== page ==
Additionally, both FDA (www.fda.gov) and National Institute of Health (www.ClinicalTrials.gov ) maintain databases of clinical trials conducted in the US. All trials conducted by BCT are registered with FDA.  If you need help finding information about a trial that you’d like to learn about, please do not hesitate to ask our staff.[/vc_column_text][/vc_accordion_tab][vc_accordion_tab title=”Will I be compensated?”][vc_column_text]In most studies, participants receive monetary compensation for participation in the study. The amount of compensation is set by the study Sponsor (the company conducting the research on the investigational drug or device) and is approved by Institutional Review Boards (IRBs). The exact amount you will receive per visit will be shown in the Informed Consent Form.  Additionally, in some studies you may be offered transportation to and from appointments, meals, and childcare at the time of your visits.[/vc_column_text][/vc_accordion_tab][vc_accordion_tab title=”What are the risks of participation in a trial?”][vc_column_text]Before conducting a clinical trial, pharmaceutical companies must obtain approval from the FDA to ensure that the investigational medication is appropriate to give to people.  Additionally, all study procedures are reviewed by an independent Investigational Review Board (IRB) before they are allowed to be administered. All this is done to ensure that the study is ethical and that the risks are as low as possible. However, since the study participants are among the first to try the investigational medication, the risk of unanticipated side effects does exist.  This is why the health of the people participating in the trials is continuously monitored and any serious side effects experienced by any of the people in the trial are promptly investigated.  If necessary, corrective actions, including termination of the trial, are taken.

When participating in a trial, please be attentive to your health and do report any unusual changes in your condition you may experience.[/vc_column_text][/vc_accordion_tab][vc_accordion_tab title=”Do I qualify to participate?”][vc_column_text]Different studies have different enrollment requirements. Some studies are open only to healthy adults, other look for people with specific medical conditions, for instance, anxiety, depression, migraines, sexual dysfunction, etc. To determine whether you can enroll, we will ask several questions about your current health, your medical condition, and the medications you are taking.  If you meet the study requirements, an appointment will be schedule for you to be evaluated in person.    [/vc_column_text][/vc_accordion_tab][vc_accordion_tab title=”What can I expect during the clinical trial? “][vc_column_text]Below is the typical process for a clinical trial:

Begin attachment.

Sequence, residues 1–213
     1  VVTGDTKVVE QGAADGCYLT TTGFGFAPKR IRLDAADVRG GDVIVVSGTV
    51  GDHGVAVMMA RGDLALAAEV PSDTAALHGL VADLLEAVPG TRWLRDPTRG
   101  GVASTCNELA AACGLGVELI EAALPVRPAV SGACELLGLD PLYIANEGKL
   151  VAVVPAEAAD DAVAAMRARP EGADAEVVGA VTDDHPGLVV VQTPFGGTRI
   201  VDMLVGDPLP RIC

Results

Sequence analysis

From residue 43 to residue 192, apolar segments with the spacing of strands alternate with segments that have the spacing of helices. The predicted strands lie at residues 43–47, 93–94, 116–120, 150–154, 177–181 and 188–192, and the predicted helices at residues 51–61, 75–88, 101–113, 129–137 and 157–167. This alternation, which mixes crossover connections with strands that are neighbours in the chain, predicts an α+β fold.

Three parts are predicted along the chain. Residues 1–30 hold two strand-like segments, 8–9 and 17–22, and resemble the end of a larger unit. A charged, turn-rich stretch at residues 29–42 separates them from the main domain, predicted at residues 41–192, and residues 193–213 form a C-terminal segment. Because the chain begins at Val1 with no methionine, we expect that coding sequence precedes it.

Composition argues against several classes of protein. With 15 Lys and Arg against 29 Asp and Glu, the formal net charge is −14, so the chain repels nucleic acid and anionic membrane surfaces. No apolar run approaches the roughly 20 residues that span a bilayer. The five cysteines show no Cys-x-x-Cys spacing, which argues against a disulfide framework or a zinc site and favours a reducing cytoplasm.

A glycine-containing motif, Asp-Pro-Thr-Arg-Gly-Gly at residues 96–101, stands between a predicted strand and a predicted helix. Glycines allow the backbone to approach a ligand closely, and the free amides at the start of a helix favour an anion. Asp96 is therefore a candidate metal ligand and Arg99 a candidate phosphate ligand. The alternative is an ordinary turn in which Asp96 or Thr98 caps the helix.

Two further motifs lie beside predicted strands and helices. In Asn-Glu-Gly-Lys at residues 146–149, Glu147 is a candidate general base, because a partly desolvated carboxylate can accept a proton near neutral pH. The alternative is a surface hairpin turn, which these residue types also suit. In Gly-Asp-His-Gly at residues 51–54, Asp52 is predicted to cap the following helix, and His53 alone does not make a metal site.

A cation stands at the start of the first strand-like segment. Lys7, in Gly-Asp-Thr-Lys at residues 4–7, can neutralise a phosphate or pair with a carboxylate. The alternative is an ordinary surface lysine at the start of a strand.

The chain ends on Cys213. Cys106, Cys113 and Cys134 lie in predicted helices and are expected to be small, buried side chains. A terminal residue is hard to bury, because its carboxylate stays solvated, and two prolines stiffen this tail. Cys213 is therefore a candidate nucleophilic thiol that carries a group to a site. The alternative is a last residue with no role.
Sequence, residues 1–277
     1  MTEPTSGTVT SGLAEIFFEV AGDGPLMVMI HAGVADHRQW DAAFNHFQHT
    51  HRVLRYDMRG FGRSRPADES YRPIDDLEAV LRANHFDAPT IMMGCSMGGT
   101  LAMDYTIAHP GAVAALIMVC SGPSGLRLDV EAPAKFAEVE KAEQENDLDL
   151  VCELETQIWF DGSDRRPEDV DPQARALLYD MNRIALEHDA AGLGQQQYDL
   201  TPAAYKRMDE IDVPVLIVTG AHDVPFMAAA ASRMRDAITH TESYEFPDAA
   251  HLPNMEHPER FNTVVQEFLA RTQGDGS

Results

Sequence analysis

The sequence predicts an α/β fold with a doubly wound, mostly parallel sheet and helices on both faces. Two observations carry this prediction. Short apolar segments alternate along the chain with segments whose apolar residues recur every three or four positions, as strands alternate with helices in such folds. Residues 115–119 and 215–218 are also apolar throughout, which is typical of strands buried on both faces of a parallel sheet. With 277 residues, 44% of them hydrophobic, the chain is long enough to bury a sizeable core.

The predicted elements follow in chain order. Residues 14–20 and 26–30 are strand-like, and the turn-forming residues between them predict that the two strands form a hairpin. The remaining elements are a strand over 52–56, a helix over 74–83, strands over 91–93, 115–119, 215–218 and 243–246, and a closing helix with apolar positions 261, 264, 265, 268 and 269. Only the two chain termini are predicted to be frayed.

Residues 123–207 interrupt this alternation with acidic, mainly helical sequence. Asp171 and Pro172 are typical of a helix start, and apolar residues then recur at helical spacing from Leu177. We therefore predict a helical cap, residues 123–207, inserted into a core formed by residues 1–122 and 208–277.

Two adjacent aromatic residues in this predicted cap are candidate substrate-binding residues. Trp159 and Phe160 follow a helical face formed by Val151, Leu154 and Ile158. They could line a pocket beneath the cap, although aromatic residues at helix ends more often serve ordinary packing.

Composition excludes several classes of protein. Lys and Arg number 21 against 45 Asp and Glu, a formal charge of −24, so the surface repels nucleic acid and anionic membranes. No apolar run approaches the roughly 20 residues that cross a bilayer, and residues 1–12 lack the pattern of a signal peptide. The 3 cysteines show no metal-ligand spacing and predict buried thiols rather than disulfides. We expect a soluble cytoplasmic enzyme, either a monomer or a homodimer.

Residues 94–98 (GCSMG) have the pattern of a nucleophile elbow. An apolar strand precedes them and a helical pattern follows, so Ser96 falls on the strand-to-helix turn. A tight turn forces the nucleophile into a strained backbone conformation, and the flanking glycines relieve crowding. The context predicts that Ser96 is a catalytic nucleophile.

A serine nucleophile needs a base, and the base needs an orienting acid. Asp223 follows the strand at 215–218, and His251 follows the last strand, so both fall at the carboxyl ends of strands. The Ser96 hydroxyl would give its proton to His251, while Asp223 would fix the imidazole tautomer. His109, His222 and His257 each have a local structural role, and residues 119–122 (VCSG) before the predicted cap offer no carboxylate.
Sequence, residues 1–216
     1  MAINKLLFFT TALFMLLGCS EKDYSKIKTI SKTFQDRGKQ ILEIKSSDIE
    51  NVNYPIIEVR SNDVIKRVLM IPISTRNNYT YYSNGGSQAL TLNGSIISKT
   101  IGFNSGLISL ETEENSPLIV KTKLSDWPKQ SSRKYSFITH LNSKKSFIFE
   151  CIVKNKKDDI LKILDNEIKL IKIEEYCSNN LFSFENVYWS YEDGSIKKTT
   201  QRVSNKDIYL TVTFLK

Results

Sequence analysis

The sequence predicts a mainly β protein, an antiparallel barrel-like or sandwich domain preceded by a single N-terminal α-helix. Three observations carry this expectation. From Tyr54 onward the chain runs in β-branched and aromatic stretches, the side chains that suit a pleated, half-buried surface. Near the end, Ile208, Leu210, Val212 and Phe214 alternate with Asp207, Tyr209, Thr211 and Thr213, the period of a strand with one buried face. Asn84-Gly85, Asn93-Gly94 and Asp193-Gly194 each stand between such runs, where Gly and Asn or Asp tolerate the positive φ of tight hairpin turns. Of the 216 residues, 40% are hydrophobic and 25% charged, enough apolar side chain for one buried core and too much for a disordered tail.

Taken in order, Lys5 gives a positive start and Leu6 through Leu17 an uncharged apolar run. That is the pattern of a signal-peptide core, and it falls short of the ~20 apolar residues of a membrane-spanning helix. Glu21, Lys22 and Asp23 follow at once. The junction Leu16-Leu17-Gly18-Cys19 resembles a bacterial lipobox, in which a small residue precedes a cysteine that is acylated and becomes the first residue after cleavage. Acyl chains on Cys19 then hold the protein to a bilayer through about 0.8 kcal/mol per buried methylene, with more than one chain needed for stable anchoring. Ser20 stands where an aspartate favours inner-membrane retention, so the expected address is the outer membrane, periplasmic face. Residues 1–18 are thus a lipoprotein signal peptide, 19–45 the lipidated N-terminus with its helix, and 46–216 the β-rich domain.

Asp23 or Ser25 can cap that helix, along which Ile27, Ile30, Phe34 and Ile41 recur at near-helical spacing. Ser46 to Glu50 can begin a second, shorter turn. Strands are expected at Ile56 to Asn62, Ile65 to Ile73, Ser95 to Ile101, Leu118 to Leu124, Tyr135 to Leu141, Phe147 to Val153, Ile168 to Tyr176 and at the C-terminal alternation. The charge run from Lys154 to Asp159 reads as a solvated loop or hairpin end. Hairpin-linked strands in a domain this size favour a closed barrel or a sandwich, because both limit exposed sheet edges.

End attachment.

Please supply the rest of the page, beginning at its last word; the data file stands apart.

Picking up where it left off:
• Screening interview – Information will be taken concerning your age, medical history, medications, and other preliminary questions to make sure you meet the study requirements
  • Informed consent – You will receive materials that fully explain the nature of the study and how you will participate. Our research staff will tell you of any known risks or potential side effects. It is very important that you ask questions and read the consent form carefully. Please ask any questions you might have to fully understand the risks and benefits of your participation
  • Assessments and medication – Once you are enrolled in a study, you may have a study-related physical exam, receive the study medications, undergo laboratory tests, and other study procedures. During the course of the study, research team members will meet with you regularly to monitor your progress.

[/vc_column_text][/vc_accordion_tab][vc_accordion_tab title=”Can I change my mind?”][vc_column_text]Of course. Your participation in a research study is entirely voluntary, and you may withdraw from participation at anytime and for any reason. During your screening visit and throughout the study, we will fully explain the risks and benefits of your study. If you change your mind, you may withdraw.[/vc_column_text][/vc_accordion_tab][vc_accordion_tab title=”How do I learn about new studies?”][vc_column_text]

You can register to be part of our volunteer database here and we will get in touch with you if you may qualify for a study.

[/vc_column_text][/vc_accordion_tab][vc_accordion_tab title=”Will my information be sold to anyone?”][vc_column_text]Never. Any information you provide as a research participant is strictly confidential. It will not be sold and will be used only for the purposes of contacting you for relevant research studies[/vc_column_text][/vc_accordion_tab][vc_accordion_tab title=”What are my rights as a clinical trial participant?”][vc_column_text]Prior to Enrollment:

  • You have a right to be fully informed about potential benefits and risks of the trial
  • You have a right to be fully informed about the trial plan, i.e., number and duration of the visits, study procedures, etc.
  • You have a right to voice any concerns and ask any questions you might have about any aspect of the trial


After Enrollment:

  • You have a right to withdraw from the trial any time
  • You have a right to be treated with respect and attention
  • You have a right for compensation as indicated in the ICF



Female low sexual desire disorder Sign Up I

Female low sexual desire disorder Sign Up I

Female low sexual desire disorder Sign Up I

Female low sexual desire disorder Sign Up I